• Make sure you bring your vaccination card to your second dose appointment.

  • Side effects:

    • Be prepared for side effects for a few days

      • Arm soreness, headache, body aches, tiredness, and fever

    • Taking over-the-counter medicine, such as ibuprofen, acetaminophen, aspirin, or antihistamines, can help relieve any pain and discomfort you may experience after getting vaccinated.

    • It is not recommended you take these medicines before vaccination for the purpose of trying to prevent side effects.

    • Side effects after your second shot may be more intense than the ones you experienced after your first shot. These side effects are normal signs that your body is building protection and should go away within a few days.

    • Contact your doctor or healthcare provider:

      • If the redness or tenderness where you got the shot gets worse after 24 hours

      • If your side effects are worrying you or do not seem to be going away after a few days.

      • Call 911 if you think you are having an allergic reaction

    • More information

  • Post-vaccine abilities:

    • You are considered fully vaccinated two weeks after your second dose (or two weeks after your first/only dose for J&J)

    • If you’ve been fully vaccinated:

      • You can resume activities that you did prior to the pandemic.

      • You can resume activities without wearing a mask or staying 6 feet apart, except where required by laws, rules, and regulations, including local business and workplace guidance.

    • Per CDC and NYS guidelines fully vaccinated people are no longer required to wear their masks except in certain settings.

      • Vaccinated and unvaccinated people must keep their masks on: 

        • In schools 

        • Public transportation like the subway 

        • Health care settings like hospitals 

        • Congregate settings like nursing homes

      • Read more about how to assess risk when you're going mask-free.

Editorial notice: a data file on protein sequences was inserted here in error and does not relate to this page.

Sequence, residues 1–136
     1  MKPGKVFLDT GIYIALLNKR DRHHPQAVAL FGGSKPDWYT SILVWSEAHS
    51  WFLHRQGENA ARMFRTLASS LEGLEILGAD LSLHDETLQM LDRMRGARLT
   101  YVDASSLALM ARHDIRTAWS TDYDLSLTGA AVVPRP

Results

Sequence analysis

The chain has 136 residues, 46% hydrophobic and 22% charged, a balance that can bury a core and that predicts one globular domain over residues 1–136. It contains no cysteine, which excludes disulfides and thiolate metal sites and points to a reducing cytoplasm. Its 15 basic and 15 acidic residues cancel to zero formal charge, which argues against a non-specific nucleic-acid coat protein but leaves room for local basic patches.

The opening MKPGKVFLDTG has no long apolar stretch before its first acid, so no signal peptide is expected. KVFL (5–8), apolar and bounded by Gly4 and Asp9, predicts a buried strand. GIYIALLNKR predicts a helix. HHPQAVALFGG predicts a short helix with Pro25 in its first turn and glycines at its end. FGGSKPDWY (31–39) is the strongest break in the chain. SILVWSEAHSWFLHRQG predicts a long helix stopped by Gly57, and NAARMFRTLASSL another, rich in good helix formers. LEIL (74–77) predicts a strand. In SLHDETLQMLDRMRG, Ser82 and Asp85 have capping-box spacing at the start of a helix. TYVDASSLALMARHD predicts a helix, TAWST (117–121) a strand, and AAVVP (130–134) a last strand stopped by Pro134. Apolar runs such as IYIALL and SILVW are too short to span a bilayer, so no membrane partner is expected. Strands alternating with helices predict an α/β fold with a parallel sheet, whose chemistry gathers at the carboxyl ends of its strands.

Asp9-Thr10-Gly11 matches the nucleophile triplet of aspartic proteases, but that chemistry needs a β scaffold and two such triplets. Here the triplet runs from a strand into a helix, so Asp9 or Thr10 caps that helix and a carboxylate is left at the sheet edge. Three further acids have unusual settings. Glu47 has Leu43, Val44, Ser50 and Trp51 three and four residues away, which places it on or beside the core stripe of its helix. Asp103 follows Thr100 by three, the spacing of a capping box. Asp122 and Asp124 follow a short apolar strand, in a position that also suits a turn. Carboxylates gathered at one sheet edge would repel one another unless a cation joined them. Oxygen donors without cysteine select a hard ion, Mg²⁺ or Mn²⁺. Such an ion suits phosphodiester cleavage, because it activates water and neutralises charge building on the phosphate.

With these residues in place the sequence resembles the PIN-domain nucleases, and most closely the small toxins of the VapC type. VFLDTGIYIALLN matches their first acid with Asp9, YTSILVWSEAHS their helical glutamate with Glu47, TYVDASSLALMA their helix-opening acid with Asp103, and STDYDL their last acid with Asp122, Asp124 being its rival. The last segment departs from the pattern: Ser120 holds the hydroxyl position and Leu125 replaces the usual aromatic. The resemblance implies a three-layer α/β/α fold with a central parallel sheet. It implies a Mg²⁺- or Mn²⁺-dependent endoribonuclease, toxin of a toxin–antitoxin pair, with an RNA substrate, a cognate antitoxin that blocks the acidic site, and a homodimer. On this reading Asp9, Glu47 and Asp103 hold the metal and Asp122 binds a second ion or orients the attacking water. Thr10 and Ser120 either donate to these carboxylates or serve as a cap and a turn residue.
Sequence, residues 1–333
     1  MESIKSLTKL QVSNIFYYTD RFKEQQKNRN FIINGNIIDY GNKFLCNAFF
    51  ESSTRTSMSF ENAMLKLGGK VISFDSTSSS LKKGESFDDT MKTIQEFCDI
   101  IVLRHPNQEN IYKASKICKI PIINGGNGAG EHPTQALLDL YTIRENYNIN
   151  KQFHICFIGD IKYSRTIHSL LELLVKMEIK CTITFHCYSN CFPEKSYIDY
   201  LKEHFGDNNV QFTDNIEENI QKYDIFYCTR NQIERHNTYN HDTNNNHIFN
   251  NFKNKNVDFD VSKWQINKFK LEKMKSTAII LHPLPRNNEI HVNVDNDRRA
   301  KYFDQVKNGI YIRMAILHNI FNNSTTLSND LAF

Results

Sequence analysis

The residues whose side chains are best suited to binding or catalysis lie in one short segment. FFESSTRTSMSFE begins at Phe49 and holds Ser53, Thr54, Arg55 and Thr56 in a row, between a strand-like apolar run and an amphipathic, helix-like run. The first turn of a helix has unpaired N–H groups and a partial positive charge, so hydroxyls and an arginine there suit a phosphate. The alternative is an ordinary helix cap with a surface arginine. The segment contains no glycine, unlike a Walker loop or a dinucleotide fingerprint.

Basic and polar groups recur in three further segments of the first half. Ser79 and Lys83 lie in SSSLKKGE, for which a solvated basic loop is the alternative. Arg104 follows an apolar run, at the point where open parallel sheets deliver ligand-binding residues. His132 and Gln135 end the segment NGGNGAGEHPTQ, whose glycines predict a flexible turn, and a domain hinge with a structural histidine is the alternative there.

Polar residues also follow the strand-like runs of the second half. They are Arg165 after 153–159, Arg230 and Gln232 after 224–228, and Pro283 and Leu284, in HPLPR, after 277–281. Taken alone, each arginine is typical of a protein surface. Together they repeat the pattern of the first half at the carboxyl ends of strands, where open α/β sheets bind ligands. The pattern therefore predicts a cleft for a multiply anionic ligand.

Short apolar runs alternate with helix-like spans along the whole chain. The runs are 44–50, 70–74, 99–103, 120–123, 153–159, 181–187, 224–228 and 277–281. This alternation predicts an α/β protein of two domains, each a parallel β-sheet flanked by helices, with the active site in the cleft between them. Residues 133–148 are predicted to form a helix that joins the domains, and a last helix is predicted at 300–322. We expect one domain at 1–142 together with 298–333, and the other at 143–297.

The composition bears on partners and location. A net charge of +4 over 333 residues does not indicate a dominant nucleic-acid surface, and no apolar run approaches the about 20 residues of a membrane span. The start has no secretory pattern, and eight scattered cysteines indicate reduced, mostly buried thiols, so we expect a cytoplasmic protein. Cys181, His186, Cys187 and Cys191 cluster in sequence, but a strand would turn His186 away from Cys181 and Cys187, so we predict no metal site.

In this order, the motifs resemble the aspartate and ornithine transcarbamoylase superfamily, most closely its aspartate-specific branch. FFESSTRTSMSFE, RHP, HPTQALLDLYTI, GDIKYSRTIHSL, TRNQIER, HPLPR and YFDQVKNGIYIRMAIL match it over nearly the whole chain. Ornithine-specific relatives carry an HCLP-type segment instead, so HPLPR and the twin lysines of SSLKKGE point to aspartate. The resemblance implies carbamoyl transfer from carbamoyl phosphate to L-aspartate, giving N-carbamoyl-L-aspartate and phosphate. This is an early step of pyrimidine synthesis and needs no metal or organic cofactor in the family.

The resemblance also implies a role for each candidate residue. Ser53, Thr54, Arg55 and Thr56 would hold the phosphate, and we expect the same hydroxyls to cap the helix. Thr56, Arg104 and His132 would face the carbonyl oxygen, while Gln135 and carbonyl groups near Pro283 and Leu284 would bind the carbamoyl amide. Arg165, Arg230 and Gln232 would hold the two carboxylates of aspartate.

• If you travel in the United States, you do not need to get tested before or after travel or self-quarantine after travel.

    • More information

FAQs and clearing misinformation

Q: Can the vaccines give me COVID-19? 

A: None of the COVID-19 vaccines currently used or in development in the United States contain the live virus that causes COVID-19. This means that a COVID-19 vaccine cannot make you sick with COVID-19.

 

Q: Will the vaccine affect my DNA? 

A: The vaccines work to teach your cells to attack the virus. Some of these new vaccine techniques may seem scary, but the vaccines do not affect or interact with our DNA in any way. The mRNA never enters the nucleus of the cell, which is where our DNA (genetic material) is kept. 

 

Q: Can I still get COVID-19 after I get the vaccine?

A: While current vaccines are shown to be highly effective in preventing people from getting sick from the virus, you can still get COVID-19 and be sick even if you get the vaccine. The vaccines are very effective in reducing the severity of the COVID-19 illness.

 

Q: I heard a rumor about a microchip. Is there anything to that? 

A: The vaccines only teach your cells to attack the COVID-19 virus, and millions of people around the world have already gotten them. No such technologies are contained in the vaccines.

 

Q: How were the vaccines developed so quickly? Are COVID-19 vaccines safe? 

A: COVID-19 vaccines are safe and effective. Although COVID-19 is new, medical experts have been working on vaccines to the coronavirus family of viruses for years Before being authorized for use, all COVID-19 vaccines were tested in clinical trials involving tens of thousands of people to make sure they met safety standards and protected adults of different ages, races, and ethnicities. And, CDC and the FDA continue to monitor the vaccines to make sure they are safe.

 

More on FAQs and misinformation here

 
 
 
 
 

Further resources: 

CIANA Infographics:

Further resources: